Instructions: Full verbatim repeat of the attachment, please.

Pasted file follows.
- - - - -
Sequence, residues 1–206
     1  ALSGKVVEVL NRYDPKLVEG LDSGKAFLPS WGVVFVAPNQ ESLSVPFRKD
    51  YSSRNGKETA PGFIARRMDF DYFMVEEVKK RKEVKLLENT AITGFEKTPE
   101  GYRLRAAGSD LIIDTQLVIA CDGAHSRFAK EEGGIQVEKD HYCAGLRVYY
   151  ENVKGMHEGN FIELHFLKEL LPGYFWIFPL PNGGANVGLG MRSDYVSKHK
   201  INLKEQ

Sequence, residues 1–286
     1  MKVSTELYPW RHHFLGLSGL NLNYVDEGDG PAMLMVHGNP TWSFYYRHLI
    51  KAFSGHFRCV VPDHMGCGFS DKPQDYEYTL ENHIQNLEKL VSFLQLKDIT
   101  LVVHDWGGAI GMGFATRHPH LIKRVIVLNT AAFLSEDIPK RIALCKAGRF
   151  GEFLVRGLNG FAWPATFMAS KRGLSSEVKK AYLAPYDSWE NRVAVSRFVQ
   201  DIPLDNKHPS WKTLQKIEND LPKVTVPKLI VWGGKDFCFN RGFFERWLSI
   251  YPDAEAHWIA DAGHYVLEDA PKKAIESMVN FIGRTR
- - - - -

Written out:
Sequence, residues 1–206
     1  ALSGKVVEVL NRYDPKLVEG LDSGKAFLPS WGVVFVAPNQ ESLSVPFRKD
    51  YSSRNGKETA PGFIARRMDF DYFMVEEVKK RKEVKLLENT AITGFEKTPE
   101  GYRLRAAGSD LIIDTQLVIA CDGAHSRFAK EEGGIQVEKD HYCAGLRVYY
   151  ENVKGMHEGN FIELHFLKEL LPGYFWIFPL PNGGANVGLG MRSDYVSKHK
   201  INLKEQ

Sequence, residues 1–286
     1  MKVSTELYPW RHHFLGLSGL NLNYVDEGDG PAMLMVHGNP TWSFYYRHLI
    51  KAFSGHFRCV VPDHMGCGFS DKPQDYEYTL ENHIQNLEKL VSFLQLKDIT
   101  LVVHDWGGAI GMGFATRHPH LIKRVIVLNT AAFLSEDIPK RIALCKAGRF
   151  GEFLVRGLNG FAWPATFMAS KRGLSSEVKK AYLAPYDSWE NRVAVSRFVQ
   201  DIPLDNKHPS WKTLQKIEND LPKVTVPKLI VWGGKDFCFN RGFFERWLSI
   251  YPDAEAHWIA DAGHYVLEDA PKKAIESMVN FIGRTR